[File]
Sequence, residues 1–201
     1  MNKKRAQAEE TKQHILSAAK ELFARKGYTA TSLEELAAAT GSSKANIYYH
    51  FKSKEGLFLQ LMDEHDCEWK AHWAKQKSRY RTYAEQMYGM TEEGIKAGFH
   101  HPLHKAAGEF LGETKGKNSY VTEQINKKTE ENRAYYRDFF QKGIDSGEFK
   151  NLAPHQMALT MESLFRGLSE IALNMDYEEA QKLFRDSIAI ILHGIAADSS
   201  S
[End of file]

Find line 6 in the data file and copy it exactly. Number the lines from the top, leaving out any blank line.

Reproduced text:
   201  S